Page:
Civil law includes statutes and "case law" that define or interpret individuals' and organizations' private rights in their relationships and disputes that involve property, contracts, personal injury, family relationships, tax, or government rules and regulations.
What is mediation in family law cases?
Mediation is a process that gives people who have a disagreement over issues in a family law case help in reaching an agreement by a neutral person trained in problem solving. Each Oregon county is required to provide some form of mediation service in family law cases.
Who is a mediator in family law cases?
Most mediators in family law cases are trained as licensed social workers, psychologists, and other mental health professionals. Lawyers who are trained in or practice family law also may provide family law mediation.
What kind of family law cases are mediated?
Any type of family law case may be mediated. If there is a disagreement over custody of minor children, parenting time with minor children, child or spousal support, or allocation of debt and distribution of property, the parties may, with or without their lawyers, call a mediator to help them resolve their disputes. Mediation is available whether or not the parents of the minor child were married, and is available to resolve disputes over grandparent visitation. The courts encourage mediation of disputes in family law cases because the court process often fails to adequately resolve the issues.
What is the cost of family law mediation?
The cost of mediation in family law cases varies from county to county and from case to case. Some counties provide mediation services at no cost through their county’s department of family services, as long as the case is filed in that county. Other counties provide mediation services, but the parties must pay a fee in addition to their filing fee to meet with a mediator who has a contract with the county to provide mediation services. Those fees vary from $25 to $50 per hour.
What is the procedure in family law mediation?
In some counties, as soon as a petition is filed, the parent filing the petition must tell the court that there is a controversy over custody or parenting time with a minor child. The parents are required to attend a mediation orientation session and meet with a mediator to try to resolve those disputes. In other counties, the court requires the parties to attend mediation when one or more parties ask the court to hold a hearing on custody or parenting time. And in some counties, there is no mandatory requirement of mediation, but the court maintains a list of private mediators who will, upon request, assist parents in resolving custody and parenting time disputes.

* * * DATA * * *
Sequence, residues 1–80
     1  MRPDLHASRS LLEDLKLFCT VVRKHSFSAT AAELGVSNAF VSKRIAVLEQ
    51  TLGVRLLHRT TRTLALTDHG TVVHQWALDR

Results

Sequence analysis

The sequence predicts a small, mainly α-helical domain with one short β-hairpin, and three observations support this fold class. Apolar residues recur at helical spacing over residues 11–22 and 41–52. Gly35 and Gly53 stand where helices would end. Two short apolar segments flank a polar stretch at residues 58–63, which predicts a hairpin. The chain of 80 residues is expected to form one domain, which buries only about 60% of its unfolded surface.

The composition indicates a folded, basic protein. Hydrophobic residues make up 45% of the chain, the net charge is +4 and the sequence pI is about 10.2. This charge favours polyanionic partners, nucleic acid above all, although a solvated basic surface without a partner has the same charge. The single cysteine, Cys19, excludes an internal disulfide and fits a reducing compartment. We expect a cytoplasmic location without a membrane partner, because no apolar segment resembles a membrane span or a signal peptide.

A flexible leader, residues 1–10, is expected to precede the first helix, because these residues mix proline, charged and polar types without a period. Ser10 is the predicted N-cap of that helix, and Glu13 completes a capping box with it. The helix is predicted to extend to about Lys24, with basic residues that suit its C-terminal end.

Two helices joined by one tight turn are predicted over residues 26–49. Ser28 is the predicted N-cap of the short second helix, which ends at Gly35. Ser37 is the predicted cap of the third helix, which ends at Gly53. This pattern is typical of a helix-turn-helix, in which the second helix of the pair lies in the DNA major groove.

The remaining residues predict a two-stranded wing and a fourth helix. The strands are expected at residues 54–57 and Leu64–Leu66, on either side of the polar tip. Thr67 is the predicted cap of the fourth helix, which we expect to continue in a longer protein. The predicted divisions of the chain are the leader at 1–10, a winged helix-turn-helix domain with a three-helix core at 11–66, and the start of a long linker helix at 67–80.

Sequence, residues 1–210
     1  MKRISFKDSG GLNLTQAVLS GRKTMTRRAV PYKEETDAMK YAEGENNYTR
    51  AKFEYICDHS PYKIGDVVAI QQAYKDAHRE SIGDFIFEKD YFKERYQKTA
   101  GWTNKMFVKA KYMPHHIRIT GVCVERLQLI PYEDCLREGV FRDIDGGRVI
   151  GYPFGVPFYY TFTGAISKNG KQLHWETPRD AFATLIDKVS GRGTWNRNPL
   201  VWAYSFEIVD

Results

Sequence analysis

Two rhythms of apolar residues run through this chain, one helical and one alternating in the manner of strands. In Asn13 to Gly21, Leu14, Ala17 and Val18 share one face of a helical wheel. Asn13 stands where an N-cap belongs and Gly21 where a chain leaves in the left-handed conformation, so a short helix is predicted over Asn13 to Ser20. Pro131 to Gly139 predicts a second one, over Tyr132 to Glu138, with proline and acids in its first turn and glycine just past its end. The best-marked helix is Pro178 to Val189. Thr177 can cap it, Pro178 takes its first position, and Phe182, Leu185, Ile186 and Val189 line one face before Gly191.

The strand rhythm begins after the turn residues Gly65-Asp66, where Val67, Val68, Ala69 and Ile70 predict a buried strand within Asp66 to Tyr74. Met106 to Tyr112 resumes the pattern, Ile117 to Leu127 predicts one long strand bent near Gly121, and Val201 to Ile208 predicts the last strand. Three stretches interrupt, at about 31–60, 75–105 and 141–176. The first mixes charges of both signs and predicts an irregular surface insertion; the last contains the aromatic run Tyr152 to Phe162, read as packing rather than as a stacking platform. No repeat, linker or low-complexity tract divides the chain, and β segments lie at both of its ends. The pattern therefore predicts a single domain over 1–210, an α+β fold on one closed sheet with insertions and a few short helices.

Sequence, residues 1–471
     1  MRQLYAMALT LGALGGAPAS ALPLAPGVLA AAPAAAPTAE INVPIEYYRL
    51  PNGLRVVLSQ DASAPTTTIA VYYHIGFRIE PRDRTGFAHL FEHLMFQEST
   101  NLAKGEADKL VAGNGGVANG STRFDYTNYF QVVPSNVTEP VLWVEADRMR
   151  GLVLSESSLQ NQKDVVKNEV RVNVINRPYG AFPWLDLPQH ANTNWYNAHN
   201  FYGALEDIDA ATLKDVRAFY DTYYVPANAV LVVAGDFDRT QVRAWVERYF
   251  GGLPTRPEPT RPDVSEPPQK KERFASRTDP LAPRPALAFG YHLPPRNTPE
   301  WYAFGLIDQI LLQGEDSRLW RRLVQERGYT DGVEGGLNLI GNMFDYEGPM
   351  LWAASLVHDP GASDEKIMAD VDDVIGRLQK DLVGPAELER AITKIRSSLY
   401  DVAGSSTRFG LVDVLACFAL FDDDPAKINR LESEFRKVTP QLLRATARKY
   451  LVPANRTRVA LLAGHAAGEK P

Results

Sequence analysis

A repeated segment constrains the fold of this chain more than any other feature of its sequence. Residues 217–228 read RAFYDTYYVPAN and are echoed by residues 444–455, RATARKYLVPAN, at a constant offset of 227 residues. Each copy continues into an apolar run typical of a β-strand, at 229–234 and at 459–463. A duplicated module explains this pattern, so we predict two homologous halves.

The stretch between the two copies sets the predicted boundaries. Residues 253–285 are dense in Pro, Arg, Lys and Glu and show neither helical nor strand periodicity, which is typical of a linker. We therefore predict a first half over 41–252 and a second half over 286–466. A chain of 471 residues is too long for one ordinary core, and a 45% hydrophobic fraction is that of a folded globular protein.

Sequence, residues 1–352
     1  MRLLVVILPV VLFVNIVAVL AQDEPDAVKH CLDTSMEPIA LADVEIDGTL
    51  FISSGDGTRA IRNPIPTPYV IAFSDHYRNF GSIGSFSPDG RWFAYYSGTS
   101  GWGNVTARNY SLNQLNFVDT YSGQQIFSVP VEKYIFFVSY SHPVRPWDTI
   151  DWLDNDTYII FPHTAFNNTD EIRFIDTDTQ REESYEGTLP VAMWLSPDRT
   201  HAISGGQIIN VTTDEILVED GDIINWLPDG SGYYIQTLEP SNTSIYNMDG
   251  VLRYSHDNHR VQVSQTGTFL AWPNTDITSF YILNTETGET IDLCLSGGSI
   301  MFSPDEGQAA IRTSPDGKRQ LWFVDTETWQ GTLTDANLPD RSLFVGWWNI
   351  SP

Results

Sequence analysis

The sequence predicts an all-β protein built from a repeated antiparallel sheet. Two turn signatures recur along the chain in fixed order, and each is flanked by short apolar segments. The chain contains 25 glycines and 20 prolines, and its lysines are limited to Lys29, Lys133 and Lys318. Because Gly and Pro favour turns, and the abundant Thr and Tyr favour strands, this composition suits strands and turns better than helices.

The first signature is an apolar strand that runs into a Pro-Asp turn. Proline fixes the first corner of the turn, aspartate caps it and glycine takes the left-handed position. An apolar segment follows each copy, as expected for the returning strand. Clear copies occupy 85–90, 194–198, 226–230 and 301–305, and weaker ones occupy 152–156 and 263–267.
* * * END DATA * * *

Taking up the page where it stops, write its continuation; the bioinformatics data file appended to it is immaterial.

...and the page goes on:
Even if there are no children, many counties have a number of private mediators, typically lawyers who will assist parties in family law cases to resolve their disputes. This includes divorces and other types of family separations.
Each party is encouraged to give information to the mediator before the mediation session to help the mediator resolve the dispute. Lawyers for the parties are usually not encouraged to attend the mediation if the sessions are to resolve custody and parenting time disputes, but lawyers may attend the mediation sessions if the issues are financial, including property, debts and support. A mediator may first meet with both parties (and their lawyers), and then meet with each side confidentially, going back and forth between the parties until an agreement is reached.
What happens at the end of family law mediation?
If the parties in mediation of custody and parenting time reach an agreement, the mediator will usually draw up an agreement that the parties sign. The agreement may be presented to the court for its approval. If the mediation involved financial and support issues, the mediator may draw up a memorandum of agreement, and then the parties take the memorandum to their lawyer, who completes the papers required for court approval.
If the dispute is not settled in mediation, then the case proceeds to trial before a judge. Anything that was said in the mediation is confidential, and the court decides the issues. Therefore, the court may decide custody, support and financial issues without knowing what the parties’ positions were during mediation.
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